Even though my mom was 100% German, she almost literally became an Italian when she married my dad. I can't think of one "German" thing about her except some of her recipes and her stubborn will. (But that's an Italian trait too, isn't it?) As a result, I hardly ever think of myself as being German/Italian. I am "Italian".
This list brought back so many childhood memories for me! I had to laugh out loud when I read the one about the male relatives being named Tony, Frank, Joe, or Louie. My dad's name was Frank, I had a Grandpa Tony, I have a brother named Tony, and another brother named Frank Joseph. I'm not sure where this list originated, but thought it would be fun to share with you:
40 things in the Life of an Italian Child
You have at least one relative who wore a black dress every day for an entire year after a funeral.
You spent your entire childhood thinking what you ate for lunch was pronounced "sangwich."
Your family dog understood Italian.
Every Sunday afternoon of your childhood was spent visiting your grandparents and extended family.
You've experienced the phenomena of 150 people fitting into 50 square feet of yard during a family cookout.
You were surprised to discover the FDA recommends you eat three meals a day, not seven.
You thought killing the pig each year and having salami, capacollo, pancetta and prosciutto hanging out to dry from your shed ceiling was absolutely normal.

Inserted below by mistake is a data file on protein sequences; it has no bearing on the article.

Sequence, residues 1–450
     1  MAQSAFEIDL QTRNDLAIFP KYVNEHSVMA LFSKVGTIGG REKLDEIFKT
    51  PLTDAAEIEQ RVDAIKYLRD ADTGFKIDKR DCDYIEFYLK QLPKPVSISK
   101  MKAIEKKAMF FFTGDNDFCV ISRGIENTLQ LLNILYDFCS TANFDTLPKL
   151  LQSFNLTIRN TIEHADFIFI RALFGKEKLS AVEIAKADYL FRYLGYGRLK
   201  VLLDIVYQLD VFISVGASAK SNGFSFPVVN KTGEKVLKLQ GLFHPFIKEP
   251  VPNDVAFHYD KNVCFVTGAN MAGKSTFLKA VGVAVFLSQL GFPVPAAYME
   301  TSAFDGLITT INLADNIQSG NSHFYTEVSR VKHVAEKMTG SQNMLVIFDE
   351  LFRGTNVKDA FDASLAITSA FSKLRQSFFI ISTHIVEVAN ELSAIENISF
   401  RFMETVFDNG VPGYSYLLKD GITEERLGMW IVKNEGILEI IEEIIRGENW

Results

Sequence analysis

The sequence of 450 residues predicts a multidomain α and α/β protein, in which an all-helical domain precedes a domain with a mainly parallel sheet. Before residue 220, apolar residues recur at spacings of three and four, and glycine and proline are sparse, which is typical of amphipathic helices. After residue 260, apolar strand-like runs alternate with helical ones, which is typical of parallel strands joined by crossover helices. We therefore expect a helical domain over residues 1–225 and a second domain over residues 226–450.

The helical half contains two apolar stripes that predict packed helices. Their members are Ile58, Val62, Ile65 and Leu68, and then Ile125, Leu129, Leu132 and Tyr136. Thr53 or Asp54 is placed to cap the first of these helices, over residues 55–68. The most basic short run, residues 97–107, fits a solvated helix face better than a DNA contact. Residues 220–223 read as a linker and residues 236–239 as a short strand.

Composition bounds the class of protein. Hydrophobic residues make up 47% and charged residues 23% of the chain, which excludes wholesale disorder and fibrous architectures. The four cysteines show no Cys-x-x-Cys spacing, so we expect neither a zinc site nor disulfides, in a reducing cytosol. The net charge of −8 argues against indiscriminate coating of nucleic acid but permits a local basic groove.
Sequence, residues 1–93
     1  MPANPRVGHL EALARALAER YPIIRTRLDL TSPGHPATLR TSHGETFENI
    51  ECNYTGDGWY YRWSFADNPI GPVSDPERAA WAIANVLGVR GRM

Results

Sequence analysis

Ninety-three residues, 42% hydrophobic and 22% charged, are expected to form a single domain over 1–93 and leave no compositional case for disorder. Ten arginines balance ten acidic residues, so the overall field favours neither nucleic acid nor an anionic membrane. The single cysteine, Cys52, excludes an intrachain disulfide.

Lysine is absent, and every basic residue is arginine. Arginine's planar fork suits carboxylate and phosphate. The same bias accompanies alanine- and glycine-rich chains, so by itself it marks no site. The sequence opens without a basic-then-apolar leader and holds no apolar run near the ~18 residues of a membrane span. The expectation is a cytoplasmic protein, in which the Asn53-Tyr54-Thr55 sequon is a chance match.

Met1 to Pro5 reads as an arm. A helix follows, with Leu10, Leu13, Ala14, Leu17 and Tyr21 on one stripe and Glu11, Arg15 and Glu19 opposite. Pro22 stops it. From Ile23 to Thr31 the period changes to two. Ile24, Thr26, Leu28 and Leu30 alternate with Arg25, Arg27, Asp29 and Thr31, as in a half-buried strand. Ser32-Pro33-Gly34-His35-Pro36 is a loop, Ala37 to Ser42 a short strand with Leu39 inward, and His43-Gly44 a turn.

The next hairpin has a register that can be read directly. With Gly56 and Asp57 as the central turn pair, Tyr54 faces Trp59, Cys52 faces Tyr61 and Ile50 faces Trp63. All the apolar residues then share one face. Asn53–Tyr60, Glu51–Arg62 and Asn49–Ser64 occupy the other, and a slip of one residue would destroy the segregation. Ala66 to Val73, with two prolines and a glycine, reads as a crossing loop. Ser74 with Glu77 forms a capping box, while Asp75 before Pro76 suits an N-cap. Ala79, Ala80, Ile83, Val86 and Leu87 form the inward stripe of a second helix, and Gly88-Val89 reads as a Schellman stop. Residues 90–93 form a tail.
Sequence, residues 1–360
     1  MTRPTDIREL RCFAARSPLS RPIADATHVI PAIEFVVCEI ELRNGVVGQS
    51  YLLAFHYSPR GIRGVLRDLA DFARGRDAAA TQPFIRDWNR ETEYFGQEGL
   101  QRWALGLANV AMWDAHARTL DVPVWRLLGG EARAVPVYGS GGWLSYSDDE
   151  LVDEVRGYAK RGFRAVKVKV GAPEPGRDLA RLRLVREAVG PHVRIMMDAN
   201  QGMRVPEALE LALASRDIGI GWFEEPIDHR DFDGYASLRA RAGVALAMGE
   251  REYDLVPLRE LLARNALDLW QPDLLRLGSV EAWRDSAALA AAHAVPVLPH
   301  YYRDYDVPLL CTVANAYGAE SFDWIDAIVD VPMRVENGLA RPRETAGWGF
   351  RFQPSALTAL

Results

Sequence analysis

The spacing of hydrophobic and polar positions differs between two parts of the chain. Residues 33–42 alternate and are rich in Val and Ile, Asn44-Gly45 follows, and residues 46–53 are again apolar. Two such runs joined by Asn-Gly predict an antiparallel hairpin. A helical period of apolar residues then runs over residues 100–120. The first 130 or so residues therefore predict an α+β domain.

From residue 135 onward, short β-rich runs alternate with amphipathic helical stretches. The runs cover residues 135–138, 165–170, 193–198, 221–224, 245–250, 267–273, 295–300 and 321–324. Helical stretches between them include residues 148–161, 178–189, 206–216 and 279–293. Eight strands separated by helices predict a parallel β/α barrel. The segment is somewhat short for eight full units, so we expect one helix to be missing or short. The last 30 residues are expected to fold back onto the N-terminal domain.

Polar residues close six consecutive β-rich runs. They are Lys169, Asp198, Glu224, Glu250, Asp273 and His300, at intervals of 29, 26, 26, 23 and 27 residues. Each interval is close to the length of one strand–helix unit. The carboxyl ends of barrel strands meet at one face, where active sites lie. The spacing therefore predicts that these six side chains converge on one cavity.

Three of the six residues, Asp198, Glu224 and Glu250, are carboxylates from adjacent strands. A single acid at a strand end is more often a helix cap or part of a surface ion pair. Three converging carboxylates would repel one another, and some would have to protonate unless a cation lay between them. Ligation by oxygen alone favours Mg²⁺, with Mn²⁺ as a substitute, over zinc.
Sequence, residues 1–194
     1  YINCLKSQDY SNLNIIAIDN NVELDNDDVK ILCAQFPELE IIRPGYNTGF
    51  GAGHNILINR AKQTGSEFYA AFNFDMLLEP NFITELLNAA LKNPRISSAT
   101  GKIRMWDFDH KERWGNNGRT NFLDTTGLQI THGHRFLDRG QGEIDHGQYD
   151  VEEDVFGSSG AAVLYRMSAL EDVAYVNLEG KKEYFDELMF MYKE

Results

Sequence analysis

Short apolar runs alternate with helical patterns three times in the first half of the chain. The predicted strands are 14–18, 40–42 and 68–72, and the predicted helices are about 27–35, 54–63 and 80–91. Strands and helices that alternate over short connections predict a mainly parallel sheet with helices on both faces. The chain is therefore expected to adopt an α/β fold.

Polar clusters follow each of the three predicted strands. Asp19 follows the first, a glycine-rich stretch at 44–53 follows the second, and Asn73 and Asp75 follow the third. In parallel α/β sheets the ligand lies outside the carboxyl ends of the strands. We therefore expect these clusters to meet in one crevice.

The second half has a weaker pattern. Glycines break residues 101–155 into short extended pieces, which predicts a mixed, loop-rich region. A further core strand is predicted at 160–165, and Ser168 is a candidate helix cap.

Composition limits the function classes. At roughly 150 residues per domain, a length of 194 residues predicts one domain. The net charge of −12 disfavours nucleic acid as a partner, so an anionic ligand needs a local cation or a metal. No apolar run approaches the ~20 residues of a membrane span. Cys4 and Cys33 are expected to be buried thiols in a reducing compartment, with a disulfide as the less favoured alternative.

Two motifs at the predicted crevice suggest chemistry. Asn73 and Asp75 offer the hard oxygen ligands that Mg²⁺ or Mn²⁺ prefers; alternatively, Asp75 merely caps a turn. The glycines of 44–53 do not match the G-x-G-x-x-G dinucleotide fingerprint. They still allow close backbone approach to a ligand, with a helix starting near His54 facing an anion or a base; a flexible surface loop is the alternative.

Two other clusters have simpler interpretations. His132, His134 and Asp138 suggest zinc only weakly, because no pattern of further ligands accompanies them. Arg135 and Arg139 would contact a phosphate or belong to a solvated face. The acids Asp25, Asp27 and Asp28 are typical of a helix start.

You ate pasta for dinner at least three times a week, and every Sunday.
You grew up thinking no fruit or vegetable had a fixed price and that the price of everything was negotiable through haggling.
You were as tall as your grandmother by the age of seven.
You thought everyone's last name ended in a vowel.
You thought nylons were supposed to be worn rolled to the ankles.
Your mom's main hobby is cleaning.
You were surprised to find out that wine was actually sold in stores.
You thought that everyone made their own tomato sauce.
You never ate meat on Christmas Eve or any Friday for that matter.
You ate your salad after the main course.
You thought Catholic was the only religion in the world.
You were beaten at least once with a wooden spoon or broom.
You thought every meal had to be eaten with a hunk of bread in your left hand.
You can understand Italian but you can't speak it.
You have at least one relative who came over on the boat.
All of your uncles fought in a World War.
You have at least six male relatives named Tony, Frank, Joe or Louie.
You have relatives who aren't really your relatives.
You have relatives you don't speak to.
You drank wine before you were a teenager.
You relate on some level, admit it, to the Godfather and the Sopranos.
You grew up in a house with a yard that didn't have one patch of dirt that didn't have a flower or a vegetable growing out of it.
Your grandparent's furniture was as comfortable as sitting on plastic. Wait!!!! You were sitting on plastic.
You thought that talking loud was normal.
You thought sugared almonds and the Tarantella were common at all weddings.
You thought everyone got pinched on the cheeks and had money stuffed in their pockets by their relatives.
Your mother is overly protective of the males in the family no matter what their age.
There was a crucifix in every room of the house,
You couldn't date a boy without getting approval from your father. (oh, and he has to be Italian)
You called pasta "macaroni".
You dreaded taking out your lunch at school.
Going out for a cup of coffee usually meant going out for a cup of coffee over Zia's house.
Every condition, ailment, misfortune, memory loss and accident was attributed to the fact that you didn't eat something.